In 2016 the Group of Experts on Action against Violence against Women and Domestic Violence (GREVIO) of the Council of Europe evaluated the implementation of the Istanbul Convention (the Convention on Preventing and Combating Violence against Women and Domestic Violence) in Austria, which came into force in 2014.
The assessment was carried out based on the first Austrian government report, a shadow report (compiled by 30 NGOs, including a contribution from Sabine Mandl of the BIM) and a visit of GREVIO representatives to Austria in 2016.
The recently published GREVIO report highlights a number of positive measures in area of violence against women, which Austrian policy-makers have continiously worked on since 1997 - starting with the introduction of first legislations to prevent domestic violence. Such measures include a system of emergency barring and protection orders for victims of domestic violence. This signified an important paradigm shift which occured 20 years ago: it is not the victim, but the abuser who must be ordered to leave. Further changes to Austrian legislation, in particular in the area of criminal law, have led to a comprehensive list of criminal offences and extensive legal and psycho-social court assistance to victims of violent crime and sexual offences. Nevertheless GREVIO stresses the challenges and legislative gaps, such as lack of means for women with cognitive and physical disabilities and women seeking asylum to gain access to facilities offering victim protection and assistant, as well as access to justice.
According to the report: "The situation of women with disabilities affected by domestic violence appears even more alarming, as shelters are, at best, equipped to accommodate women with reduced mobility but not disabilities or conditions that require medical and personal care. Women with mental health conditions or substance abusers are usually not admitted to shelters at all as the support they need goes beyond the expertise and staffing levels of domestic violence shelters. "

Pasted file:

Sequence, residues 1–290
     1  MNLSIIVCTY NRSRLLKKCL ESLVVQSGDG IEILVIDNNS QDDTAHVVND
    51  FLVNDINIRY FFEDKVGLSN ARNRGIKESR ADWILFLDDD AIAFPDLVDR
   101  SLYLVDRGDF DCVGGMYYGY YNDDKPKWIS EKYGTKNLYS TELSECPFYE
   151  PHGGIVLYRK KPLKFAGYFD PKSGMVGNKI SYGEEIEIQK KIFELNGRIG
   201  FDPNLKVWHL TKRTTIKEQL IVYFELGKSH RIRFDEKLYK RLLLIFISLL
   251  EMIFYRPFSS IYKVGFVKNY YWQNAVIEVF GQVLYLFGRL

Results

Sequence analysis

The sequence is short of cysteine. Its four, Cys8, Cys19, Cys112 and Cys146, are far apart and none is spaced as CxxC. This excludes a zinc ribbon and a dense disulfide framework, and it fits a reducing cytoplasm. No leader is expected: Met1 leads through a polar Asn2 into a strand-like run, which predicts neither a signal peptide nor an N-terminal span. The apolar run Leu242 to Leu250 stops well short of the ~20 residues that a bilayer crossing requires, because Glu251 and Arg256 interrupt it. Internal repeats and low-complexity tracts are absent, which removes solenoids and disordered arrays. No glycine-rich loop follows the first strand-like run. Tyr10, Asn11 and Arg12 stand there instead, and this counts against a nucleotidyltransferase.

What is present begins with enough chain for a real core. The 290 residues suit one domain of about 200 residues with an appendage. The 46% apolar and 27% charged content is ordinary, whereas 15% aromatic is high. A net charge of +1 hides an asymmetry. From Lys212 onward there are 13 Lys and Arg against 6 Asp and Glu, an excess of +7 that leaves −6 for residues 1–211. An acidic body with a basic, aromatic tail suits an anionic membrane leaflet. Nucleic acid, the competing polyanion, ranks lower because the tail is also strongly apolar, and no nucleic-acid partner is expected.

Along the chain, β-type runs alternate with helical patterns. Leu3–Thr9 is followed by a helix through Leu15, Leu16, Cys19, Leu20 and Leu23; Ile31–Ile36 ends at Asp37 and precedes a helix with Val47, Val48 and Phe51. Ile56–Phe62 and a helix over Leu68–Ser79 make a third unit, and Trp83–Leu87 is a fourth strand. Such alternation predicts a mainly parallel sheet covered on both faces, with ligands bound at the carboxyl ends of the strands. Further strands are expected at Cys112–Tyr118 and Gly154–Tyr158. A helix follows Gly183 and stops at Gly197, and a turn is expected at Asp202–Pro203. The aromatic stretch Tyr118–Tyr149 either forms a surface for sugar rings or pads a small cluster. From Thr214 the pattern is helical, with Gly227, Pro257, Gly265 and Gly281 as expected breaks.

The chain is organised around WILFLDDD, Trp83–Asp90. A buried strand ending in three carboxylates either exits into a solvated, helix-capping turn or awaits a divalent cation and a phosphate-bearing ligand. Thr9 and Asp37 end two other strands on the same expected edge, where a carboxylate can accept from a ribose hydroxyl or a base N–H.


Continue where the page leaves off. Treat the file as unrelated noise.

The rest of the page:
Furthermore GREVIO critically assesses the condition of women seeking asylum during the asylum granting procedure. At the point of arrival it is unlikely that the woman will be seen on her own. Often when asylum seekers arrive in a family, the family unit is interviewed together and the reason for requesting and granting asylum is usually taken to be that of the man. These women often do not seek asylum individually on the grounds of gender-based discrimination and violence they have experienced, making them hence again dependant on their spouses to make such claims.
Recommendations to the Austrian government include:
- the prompt closing of gaps in assistance and consultation services, in order for women affected by all forms of violence to receive equal services and access to these services
- lifting all legal and practical barriers that hinder women with physical and cognitive disabilities or on the basis of their residency to seek consultation and admittance to women's shelters
- creating the opportunity for women seeking asylum in Austria to be heard as individuals and to convey their experience of gender-based violence in a protected environment with the help of female caseworkers and translators without the presence of family members
Beyond the above mentioned GREVIO also addresses in the report a number of addition areas, in which improvement is needed in order for the requirements of the convention to be fully met. These are related to promoting education and continuing education of all professions in the area of violence against women, to lifting legal and practical barriers regarding protection and consultation of children of all age groups, who are victim and witnesses of domestic violence.
Further information can be found in the following reports attached below:
- the GREVIO assessment report about Austria
- the Austrian governent report conveyed to GREVIO in 2016 for the evalution
- the shadow report of civil societies sent to GREVIO in 2016 as additional sources to the government report.